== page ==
Bertrand Russell (1872-1970) was one of the founders of analytic philosophy. His contributions to mathematical logic, philosophy of mathematics, and philosophy of language were highly influential, and he wrote on a host of other topics as well. In a famous 1912 essay “On the Notion of Cause”, he addressed the common prejudice that I have been referring to vaguely as “causality in the modern sense”, and argued that modern science does not in fact rely on it. I support this conclusion.

According to Russell, “the word ’cause’ is so inextricably bound up with misleading associations as to make its complete extrusion from the philosophical vocabulary desirable” (Mysticism and Logic, p.180). “In spite of these difficulties, it must, of course, be admitted that many fairly dependable regularities of sequence occur in daily life” (p. 187).

The idea of the supposed “law of causality” is that the same causes always produce the same effects. Russell points out that the alleged necessity with which one “event” is said to follow another depends on an abstracted notion of repeatable “events”, but every concrete event implicitly involves such a vast amount of individualizing detail as to be essentially unrepeatable.

“What I deny is that science assumes the existence of invariable uniformities of sequence of this kind, or that it aims at discovering them. All such uniformities, as we saw, depend upon a certain vagueness in the definition of the ‘events’…. In short, every advance in a science takes us farther away from the crude uniformities which are first observed” (p. 188, emphasis added).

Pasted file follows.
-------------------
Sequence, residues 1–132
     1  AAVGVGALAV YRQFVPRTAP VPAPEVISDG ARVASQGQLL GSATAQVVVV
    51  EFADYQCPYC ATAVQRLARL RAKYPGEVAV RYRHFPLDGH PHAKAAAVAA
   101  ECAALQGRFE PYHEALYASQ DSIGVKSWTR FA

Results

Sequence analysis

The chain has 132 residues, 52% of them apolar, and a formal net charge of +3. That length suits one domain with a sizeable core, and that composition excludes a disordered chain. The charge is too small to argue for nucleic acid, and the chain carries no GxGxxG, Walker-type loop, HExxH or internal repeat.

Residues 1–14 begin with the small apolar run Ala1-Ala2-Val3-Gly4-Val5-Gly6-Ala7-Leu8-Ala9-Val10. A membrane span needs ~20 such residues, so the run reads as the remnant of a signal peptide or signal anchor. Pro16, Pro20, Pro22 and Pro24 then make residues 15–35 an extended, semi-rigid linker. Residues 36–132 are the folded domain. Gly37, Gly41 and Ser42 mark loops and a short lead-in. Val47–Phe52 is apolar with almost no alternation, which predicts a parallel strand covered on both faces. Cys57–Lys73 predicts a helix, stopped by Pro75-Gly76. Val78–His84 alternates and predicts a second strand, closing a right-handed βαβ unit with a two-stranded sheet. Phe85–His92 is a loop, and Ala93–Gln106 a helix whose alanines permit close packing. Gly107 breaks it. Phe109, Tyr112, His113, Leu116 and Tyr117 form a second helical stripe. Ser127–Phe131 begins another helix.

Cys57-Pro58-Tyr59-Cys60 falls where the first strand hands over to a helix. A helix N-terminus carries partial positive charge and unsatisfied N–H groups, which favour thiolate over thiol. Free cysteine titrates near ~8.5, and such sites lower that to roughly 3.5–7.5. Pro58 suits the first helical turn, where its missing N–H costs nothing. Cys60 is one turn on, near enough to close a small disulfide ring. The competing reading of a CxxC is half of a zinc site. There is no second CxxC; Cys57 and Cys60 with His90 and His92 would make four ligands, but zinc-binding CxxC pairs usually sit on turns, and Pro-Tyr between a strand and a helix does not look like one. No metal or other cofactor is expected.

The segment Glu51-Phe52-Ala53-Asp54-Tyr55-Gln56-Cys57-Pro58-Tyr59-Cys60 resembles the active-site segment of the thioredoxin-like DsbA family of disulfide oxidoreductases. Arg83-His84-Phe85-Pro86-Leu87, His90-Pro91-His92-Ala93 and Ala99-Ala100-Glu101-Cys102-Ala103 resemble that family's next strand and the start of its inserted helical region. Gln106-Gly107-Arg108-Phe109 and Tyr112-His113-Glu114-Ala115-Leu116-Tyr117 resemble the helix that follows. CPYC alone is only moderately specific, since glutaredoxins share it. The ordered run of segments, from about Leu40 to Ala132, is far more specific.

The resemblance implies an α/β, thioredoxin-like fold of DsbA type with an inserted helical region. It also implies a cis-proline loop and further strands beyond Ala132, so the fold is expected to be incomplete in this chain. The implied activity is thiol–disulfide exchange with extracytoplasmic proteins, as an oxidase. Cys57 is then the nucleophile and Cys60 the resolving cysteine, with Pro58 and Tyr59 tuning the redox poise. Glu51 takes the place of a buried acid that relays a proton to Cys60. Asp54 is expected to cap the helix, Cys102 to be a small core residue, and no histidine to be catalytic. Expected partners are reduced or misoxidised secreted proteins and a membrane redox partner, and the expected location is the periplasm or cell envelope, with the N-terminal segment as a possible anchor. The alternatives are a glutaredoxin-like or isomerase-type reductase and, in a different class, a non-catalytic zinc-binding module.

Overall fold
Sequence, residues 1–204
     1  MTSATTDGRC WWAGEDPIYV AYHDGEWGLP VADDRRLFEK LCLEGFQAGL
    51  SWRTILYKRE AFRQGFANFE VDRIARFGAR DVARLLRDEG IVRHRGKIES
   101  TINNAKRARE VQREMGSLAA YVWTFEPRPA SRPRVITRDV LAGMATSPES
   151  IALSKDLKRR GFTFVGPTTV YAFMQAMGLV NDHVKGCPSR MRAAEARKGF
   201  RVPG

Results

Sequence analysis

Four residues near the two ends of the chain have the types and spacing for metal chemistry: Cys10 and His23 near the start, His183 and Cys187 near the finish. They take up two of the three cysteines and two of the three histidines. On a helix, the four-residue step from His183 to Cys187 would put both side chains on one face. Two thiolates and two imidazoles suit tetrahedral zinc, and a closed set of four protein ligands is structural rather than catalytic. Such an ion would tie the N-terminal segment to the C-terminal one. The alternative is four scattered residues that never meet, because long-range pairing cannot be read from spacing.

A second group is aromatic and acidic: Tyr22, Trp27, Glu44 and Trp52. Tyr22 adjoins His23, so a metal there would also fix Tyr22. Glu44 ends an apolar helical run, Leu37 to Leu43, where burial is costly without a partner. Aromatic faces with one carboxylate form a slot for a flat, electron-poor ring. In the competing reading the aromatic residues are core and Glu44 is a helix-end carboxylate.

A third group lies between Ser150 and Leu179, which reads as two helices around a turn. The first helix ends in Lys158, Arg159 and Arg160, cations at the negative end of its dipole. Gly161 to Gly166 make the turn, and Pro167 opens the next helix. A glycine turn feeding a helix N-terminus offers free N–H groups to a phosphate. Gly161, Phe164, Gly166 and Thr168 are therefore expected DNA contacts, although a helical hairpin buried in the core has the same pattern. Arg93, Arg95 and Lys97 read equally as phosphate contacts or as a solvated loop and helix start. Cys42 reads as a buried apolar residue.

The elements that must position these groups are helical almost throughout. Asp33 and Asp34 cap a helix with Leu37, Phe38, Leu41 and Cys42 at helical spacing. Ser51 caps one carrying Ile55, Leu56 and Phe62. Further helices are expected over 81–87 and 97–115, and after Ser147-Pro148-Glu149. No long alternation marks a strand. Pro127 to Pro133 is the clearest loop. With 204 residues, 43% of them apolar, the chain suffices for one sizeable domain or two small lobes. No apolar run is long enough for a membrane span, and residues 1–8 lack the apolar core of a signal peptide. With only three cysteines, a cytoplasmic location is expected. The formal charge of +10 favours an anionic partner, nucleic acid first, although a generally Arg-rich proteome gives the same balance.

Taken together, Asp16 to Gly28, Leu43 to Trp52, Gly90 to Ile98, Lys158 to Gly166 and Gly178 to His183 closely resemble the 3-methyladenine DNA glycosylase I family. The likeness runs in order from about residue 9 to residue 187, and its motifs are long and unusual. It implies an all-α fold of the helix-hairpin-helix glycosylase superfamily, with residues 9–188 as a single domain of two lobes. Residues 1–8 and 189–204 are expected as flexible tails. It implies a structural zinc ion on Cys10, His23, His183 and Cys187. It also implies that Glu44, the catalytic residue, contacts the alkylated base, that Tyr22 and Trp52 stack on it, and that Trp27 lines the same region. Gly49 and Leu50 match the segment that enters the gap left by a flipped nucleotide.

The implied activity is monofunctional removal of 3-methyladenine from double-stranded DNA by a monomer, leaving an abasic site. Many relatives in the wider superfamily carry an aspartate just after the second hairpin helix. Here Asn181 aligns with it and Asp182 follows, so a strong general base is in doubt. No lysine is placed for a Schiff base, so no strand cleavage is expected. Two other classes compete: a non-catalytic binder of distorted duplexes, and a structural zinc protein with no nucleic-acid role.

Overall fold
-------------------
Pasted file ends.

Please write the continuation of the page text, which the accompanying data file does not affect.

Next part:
Behind such presumptions of uniformity lies the prejudice that a cause somehow compels a particular effect. “What I want to make clear at present is that compulsion is a very complex notion, involving thwarted desire. So long as a person does what he wishes to do, there is no compulsion, however much his wishes may be calculable by the help of earlier events. And where desire does not come in, there can be no question of compulsion. Hence it is, in general, misleading to regard the cause as compelling the effect” (p. 190, emphasis added). “A volition ‘operates’ when what it wills takes place; but nothing can operate except a volition. The belief that causes ‘operate’ results from assimilating them, consciously or unconsciously, to volitions” (p. 191).

“[A]ny causal sequence which we may have observed may at any moment be falsified without a falsification of any laws of the kind that the more advanced sciences aim at establishing” (p. 194). “The uniformity of nature does not assert the trivial principle, ‘same cause, same effect’, but the principle of the permanence of laws” (p. 196). “In all science we have to distinguish two sorts of laws: first, those that are empirically verifiable but probably only approximate; secondly, those that are not verifiable, but may be exact” (p. 197).

“We cannot say that every law which has held hitherto must hold in the future, because past facts which obey one law will also obey others, hitherto indistinguishable but diverging in future. Hence there must, at every moment, be laws hitherto unbroken that are now broken for the first time. What science does, in fact, is to select the simplest formula that will fit the facts. But this, quite obviously, is merely a methodological precept, not a law of Nature” (p. 204, emphasis in original).

“We found first that the law of causality, as usually stated by philosophers, is false, and is not employed in science. We then considered the nature of scientific laws, and found that, instead of stating that one event A is always followed by another event B, they stated functional relations between certain events at certain times, which we called determinants, and other events at earlier or later times or at the same time…. We found that a system with one set of determinants may very likely have other sets of a quite different kind, that, for example, a mechanically determined system may also be teleologically or volitionally determined” (pp. 207-208, emphasis added).